Eric Cooper and Katsuari Kamei Computer Science, Ritsumeikan University
Nearly all machine-to-human communication is visual. The ability of the human designer has the greatest influence on the effectiveness of this communication. In scientific visualization, color placement performs an essential role in differentiating and associating visual data ( Tufte 1990).
The number of factors involved in color placement can cause the task to be overwhelming ( Silverstein 1987). Many programmers have attempted to dispose of the problem by forcing users to use the same color scheme in every situation, by limiting the user's palette, or by providing default colors.
In visualization, these solutions have had very limited success. Color schemes that work well for one particular visualization may be completely unsuitable for another. Users who encounter problems with color placement find that they either have to accept the colors provided or quickly become experts in color placement. Applications desperately need color placement support for visualizations.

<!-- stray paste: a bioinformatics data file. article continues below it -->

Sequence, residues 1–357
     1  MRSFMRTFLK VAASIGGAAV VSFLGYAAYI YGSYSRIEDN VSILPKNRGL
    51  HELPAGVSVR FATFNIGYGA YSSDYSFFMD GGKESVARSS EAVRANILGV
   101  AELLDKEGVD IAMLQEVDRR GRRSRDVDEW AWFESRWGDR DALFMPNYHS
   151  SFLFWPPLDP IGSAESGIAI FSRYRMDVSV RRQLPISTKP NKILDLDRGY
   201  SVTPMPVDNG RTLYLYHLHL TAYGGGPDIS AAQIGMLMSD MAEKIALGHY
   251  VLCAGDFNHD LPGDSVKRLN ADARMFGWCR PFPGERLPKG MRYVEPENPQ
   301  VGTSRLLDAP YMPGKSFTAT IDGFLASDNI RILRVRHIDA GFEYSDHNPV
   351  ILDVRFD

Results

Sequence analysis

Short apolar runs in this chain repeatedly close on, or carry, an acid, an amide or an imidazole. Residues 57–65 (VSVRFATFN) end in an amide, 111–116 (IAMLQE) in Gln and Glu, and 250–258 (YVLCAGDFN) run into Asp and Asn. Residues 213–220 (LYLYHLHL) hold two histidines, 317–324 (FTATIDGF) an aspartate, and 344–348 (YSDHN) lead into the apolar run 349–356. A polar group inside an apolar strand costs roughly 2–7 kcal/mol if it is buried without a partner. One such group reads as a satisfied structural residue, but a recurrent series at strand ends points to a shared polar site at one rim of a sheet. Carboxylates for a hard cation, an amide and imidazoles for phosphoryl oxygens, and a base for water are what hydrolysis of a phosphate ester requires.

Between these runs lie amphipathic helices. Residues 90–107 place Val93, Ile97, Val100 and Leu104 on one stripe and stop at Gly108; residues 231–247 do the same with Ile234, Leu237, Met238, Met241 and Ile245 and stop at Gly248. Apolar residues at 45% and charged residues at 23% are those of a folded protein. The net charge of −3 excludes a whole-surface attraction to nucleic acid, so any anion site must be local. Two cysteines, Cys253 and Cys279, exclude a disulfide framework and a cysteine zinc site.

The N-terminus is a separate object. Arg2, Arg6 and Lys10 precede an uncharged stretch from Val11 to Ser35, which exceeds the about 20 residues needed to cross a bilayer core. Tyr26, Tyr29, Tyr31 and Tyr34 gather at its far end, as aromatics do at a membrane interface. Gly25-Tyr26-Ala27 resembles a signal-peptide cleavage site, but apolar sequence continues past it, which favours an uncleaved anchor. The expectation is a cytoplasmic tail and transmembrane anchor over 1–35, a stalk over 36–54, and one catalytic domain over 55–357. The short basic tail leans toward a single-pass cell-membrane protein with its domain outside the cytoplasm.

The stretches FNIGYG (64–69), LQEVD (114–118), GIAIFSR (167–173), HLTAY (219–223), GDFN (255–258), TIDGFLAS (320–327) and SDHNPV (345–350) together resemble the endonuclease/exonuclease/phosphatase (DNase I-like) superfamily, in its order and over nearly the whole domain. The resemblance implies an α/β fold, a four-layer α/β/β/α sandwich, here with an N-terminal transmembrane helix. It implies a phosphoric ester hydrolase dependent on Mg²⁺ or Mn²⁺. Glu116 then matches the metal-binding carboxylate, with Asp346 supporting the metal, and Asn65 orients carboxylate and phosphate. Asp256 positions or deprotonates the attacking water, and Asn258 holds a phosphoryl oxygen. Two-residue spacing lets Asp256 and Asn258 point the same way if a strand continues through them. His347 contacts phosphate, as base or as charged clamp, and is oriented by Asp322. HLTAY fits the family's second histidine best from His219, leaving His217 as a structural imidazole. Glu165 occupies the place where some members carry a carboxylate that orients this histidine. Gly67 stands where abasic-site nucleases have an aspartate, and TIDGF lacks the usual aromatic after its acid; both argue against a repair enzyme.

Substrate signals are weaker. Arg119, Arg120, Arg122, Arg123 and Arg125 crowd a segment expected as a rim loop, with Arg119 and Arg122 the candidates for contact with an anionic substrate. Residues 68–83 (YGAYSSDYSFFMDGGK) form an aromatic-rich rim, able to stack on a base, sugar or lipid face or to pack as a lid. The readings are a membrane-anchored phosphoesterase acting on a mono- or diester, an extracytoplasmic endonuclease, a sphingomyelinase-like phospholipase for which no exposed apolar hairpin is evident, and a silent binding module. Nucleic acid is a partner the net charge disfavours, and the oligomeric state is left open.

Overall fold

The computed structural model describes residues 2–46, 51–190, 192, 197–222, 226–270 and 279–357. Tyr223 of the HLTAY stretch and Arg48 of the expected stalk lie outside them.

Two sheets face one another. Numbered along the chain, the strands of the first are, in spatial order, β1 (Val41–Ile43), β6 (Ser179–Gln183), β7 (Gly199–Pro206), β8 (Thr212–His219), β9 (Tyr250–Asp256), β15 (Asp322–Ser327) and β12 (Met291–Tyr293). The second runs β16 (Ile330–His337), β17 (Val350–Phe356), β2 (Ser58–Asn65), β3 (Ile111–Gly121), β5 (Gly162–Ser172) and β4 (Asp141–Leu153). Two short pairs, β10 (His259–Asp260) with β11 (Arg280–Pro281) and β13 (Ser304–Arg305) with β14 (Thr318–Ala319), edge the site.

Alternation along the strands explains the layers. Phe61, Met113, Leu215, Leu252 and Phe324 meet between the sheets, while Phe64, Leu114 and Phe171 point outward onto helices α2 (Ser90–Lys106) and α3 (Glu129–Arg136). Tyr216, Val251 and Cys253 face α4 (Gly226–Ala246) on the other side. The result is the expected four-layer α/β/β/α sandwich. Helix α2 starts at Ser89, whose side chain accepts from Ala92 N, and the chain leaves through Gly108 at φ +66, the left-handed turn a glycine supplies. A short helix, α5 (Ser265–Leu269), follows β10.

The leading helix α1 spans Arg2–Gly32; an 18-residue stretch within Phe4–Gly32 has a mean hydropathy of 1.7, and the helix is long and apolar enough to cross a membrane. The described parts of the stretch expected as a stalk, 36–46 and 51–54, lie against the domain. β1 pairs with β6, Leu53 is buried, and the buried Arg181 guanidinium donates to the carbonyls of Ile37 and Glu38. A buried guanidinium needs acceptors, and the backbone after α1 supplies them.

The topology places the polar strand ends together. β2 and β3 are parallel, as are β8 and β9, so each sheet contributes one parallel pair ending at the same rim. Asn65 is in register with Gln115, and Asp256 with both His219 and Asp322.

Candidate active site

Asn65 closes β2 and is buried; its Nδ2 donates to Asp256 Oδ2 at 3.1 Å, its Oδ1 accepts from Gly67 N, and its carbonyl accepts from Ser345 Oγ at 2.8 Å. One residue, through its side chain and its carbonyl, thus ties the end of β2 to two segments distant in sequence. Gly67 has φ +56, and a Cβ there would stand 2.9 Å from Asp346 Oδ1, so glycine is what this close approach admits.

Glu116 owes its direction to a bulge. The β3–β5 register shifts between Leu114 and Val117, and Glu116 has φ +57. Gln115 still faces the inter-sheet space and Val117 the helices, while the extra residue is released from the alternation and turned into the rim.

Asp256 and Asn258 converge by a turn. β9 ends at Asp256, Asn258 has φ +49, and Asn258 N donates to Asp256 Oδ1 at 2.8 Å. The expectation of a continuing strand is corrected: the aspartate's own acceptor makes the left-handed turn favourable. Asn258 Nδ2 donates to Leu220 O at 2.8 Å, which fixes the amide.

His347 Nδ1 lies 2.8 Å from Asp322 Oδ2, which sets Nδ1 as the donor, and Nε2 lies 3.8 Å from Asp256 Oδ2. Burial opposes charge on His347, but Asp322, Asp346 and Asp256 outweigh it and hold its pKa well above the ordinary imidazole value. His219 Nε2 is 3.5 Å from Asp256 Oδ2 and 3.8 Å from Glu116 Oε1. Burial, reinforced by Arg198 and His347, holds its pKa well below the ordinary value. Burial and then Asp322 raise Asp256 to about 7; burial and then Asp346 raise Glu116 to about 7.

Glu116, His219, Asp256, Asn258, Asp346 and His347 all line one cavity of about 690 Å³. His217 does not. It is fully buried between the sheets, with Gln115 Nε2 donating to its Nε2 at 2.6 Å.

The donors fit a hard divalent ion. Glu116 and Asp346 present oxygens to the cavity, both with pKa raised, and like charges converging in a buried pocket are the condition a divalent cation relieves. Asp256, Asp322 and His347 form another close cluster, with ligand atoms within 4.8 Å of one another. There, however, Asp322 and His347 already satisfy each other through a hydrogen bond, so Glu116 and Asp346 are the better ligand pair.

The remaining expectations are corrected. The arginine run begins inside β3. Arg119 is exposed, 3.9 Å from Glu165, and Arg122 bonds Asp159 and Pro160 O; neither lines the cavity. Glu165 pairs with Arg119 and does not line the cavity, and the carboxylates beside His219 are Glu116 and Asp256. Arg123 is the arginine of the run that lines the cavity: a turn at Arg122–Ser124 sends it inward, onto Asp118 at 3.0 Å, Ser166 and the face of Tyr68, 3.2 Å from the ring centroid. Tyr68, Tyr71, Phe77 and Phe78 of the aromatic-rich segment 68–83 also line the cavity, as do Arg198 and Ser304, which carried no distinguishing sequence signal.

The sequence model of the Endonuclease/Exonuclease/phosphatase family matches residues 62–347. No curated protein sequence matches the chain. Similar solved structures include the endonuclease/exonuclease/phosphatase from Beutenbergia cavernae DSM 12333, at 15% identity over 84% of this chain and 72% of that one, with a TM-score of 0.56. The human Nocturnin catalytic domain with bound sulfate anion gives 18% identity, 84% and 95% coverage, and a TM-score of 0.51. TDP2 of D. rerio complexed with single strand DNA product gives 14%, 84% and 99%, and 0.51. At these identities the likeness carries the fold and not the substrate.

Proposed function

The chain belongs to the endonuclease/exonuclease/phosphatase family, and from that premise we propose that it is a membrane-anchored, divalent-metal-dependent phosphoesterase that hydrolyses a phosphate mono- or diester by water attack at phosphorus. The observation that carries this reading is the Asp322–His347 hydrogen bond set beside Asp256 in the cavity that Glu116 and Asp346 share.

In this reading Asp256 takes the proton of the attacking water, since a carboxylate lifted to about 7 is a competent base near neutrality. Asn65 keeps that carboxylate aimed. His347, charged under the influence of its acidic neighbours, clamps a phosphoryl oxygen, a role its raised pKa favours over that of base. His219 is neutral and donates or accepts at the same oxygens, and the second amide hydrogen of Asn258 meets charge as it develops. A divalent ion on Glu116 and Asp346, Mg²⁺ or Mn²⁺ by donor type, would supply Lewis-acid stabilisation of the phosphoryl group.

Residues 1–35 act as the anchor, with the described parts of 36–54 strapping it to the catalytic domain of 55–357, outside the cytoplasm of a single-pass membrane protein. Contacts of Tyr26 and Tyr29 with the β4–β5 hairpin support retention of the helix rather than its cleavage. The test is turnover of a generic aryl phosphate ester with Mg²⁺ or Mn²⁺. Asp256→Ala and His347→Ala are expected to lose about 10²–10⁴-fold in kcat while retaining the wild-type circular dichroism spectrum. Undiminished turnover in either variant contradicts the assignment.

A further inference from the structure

Color balance means the relative conspicuity of each part of a design. Although color balance is clearly influenced by other design factors, such as shape, form, etc., we have chosen to ignore these for the time being and attempt to work with only the color placement aspects of design.
We propose the following problem for color balance support. On an interactive color placement system, allow the user to place colors on flatly colored, two-dimensional visualizations. Allow the user access to real-time